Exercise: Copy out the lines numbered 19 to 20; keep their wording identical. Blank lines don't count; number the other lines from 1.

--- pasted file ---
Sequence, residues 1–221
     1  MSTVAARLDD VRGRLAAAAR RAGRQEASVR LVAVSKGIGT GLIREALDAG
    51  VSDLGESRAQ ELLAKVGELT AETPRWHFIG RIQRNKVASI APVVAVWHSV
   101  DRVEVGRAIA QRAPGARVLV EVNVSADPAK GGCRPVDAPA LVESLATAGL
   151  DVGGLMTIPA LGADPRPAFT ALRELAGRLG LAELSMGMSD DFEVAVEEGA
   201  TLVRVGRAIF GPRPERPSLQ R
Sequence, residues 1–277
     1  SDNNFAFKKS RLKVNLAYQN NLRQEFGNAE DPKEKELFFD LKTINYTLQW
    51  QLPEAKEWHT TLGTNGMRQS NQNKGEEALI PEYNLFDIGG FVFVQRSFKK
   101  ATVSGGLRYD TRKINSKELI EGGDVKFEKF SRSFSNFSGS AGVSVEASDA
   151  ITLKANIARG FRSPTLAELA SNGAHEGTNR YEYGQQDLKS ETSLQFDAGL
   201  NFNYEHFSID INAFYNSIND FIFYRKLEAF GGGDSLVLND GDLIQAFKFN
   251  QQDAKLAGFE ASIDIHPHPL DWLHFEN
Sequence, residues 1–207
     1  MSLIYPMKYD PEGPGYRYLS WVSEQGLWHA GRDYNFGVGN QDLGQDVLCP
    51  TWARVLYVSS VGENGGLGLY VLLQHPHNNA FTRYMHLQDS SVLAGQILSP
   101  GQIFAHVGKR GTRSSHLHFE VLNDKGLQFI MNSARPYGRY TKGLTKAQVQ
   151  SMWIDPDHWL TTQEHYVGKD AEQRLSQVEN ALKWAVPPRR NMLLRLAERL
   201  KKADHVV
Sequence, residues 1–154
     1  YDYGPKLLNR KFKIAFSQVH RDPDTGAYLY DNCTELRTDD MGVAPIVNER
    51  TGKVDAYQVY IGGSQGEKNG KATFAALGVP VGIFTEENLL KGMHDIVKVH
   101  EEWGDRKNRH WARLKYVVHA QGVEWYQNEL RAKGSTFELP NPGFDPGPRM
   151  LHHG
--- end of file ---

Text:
   201  KKADHVV
Sequence, residues 1–154